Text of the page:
@RealDonaldTrump vs. @POTUS: The Curious Habits of The Tweeting President
By Gemma Joyce on August 2nd 2017Read this article on our full site
The Brandwatch React team examined the data surrounding @RealDonaldTrump vs. @POTUS to see how Trump uses his Twitter accounts differently.
It’s not uncommon for social media users to use their accounts in subtly different ways.
My LinkedIn’s for work stuff. My Facebook’s for embarrassing college pictures. My Twitter’s a sometimes awkward mix of the two.
But having two separate accounts on the same network can be more of a challenge. Kind of like having a public facing Facebook account your mum and dad can see and one that’s for your debaucherous party activity. It’s easy to get them mixed up when posting.
I’m guessing this is part of President Donald Trump’s daily struggle. With two Twitter accounts (@realdonaldtrump and @POTUS), it must be difficult to decide what’s going to go on each.
There’s a lot of crossover in the topics covered, but they seem to have different purposes. @POTUS is generally a bit more vanilla.
The double Twitter identity intrigued the Brandwatch React team. It’s something we’ve examined before but now we’ve got months of data to play with.
How has President Trump been using his Twitter accounts?
Not giving up
You might have expected that Trump would give up on his old @realdonaldtrump account in favor of tweeting to the people through @POTUS.
That’s definitely not the case.
In fact, he’s more likely to be tweeting from @realdonaldtrump than @POTUS most of the time.
Misplaced Bets: “If Donald Trump Becomes President I Will _____”
The Brandwatch React team analyzed the most common things people said they'd do if Trump became President. We hope they weren't all serious.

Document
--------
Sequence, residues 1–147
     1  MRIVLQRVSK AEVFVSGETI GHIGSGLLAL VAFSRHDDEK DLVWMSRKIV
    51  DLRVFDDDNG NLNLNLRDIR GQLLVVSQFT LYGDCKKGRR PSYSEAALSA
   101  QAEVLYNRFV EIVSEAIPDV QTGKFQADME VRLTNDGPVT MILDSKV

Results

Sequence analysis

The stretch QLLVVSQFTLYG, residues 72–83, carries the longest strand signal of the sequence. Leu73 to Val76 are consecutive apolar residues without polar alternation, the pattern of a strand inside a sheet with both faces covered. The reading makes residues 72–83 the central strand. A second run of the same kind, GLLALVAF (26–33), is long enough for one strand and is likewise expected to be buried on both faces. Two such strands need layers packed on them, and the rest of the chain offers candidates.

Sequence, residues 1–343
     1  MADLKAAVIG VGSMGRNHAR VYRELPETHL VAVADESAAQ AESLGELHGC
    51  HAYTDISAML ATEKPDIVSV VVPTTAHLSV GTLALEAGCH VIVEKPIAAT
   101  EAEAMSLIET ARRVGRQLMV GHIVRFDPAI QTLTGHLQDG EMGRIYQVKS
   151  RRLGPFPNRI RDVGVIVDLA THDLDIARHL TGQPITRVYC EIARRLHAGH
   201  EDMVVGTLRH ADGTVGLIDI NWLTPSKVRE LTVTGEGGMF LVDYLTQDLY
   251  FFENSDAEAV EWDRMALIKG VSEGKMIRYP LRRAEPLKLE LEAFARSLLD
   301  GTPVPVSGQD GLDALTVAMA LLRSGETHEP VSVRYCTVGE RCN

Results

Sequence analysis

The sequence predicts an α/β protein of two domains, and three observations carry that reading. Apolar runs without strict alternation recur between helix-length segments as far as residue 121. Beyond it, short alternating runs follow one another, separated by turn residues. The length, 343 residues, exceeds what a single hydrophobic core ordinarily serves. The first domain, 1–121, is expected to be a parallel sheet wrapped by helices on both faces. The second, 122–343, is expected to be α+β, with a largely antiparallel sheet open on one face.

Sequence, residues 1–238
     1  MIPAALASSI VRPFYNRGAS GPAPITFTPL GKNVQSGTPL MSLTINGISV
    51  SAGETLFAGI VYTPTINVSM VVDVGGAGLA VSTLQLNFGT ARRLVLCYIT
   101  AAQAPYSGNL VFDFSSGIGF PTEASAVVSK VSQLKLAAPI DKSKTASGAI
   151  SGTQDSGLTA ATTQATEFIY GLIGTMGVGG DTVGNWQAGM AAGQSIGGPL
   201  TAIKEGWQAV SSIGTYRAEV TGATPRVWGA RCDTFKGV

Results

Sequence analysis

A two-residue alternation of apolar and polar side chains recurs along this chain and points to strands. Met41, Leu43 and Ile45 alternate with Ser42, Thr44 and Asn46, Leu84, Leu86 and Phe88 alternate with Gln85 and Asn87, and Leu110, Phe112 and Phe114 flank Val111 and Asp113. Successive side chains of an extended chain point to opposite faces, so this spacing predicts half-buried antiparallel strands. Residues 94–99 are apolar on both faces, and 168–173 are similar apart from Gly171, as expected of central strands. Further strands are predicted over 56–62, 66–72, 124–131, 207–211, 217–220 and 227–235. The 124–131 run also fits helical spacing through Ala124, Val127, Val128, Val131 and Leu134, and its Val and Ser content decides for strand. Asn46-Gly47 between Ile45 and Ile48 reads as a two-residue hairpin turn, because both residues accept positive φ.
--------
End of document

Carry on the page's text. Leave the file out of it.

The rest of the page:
When does the President tweet?
The President definitely exhibits different behaviors on each Twitter account in terms of time, too.
Looking at day of the week, he takes a much more noticeable break from @POTUS than @realdonaldtrump at the weekends. Meanwhile, he’s more likely to tweet from @POTUS on Fridays. Strangely, it’s Monday that sees the most @realdonaldtrump tweets.
Looking at the time of the day presents stranger differences.
@realdonaldtrump is way more likely to tweet in the early hours of the day (6 – 9am, generally). Meanwhile, @POTUS tweets peak during the working day (11-5pm). Perhaps this explains why the tone of @realdonaldtrump tweets can be a little more…interesting?
It’s perhaps comforting to note that Trump uses his work account in working hours, although that hasn’t stopped a number of late night tweets from the Presidential account.
How much is the President emphasizing his tweets with an exclamation point?
Quite a lot.
In fact, these numbers are surprisingly similar to a smaller scale study we did earlier this year (looking at around 10 days of Trump tweets).
Whatever life has thrown at Donald Trump, his use of the exclamation point has remained steady, it seems.
Can I get a RT?
Trump has continued his habit of retweeting himself fairly often, with 19% of @POTUS tweets retweeting @realdonaldtrump. It doesn’t work the other way, though – 0 @realdonaldtrump tweets retweeted @POTUS.
@Realdonaldtrump has significantly more followers than @POTUS (35 million compared to 19.7 million at the time of writing), so maybe a few retweets going the other way would spread Trump’s messages more effectively.
The official and the personal
The scope of each Twitter account feels a little unclear of late. Let’s assume that @POTUS is meant for “official business” while @realdonaldtrump is Trump’s personal outlet.
It kind of makes sense when it comes to things like his Weekly Address, that is regularly promoted using @POTUS. Meanwhile, the famous “covfefe” incident and Trump’s light hearted comment surrounding it occurred on @realdonaldtrump.
There’s certainly a blurring of the line between personal and official, however.
For example, Trump’s announcement on disallowing transgender soldiers to serve in the military came from @realdonaldtrump and the issue hasn’t had any discussion on @POTUS.
Where should one go for Trump’s official line on key topics?
Well, it seems following both is a good idea.
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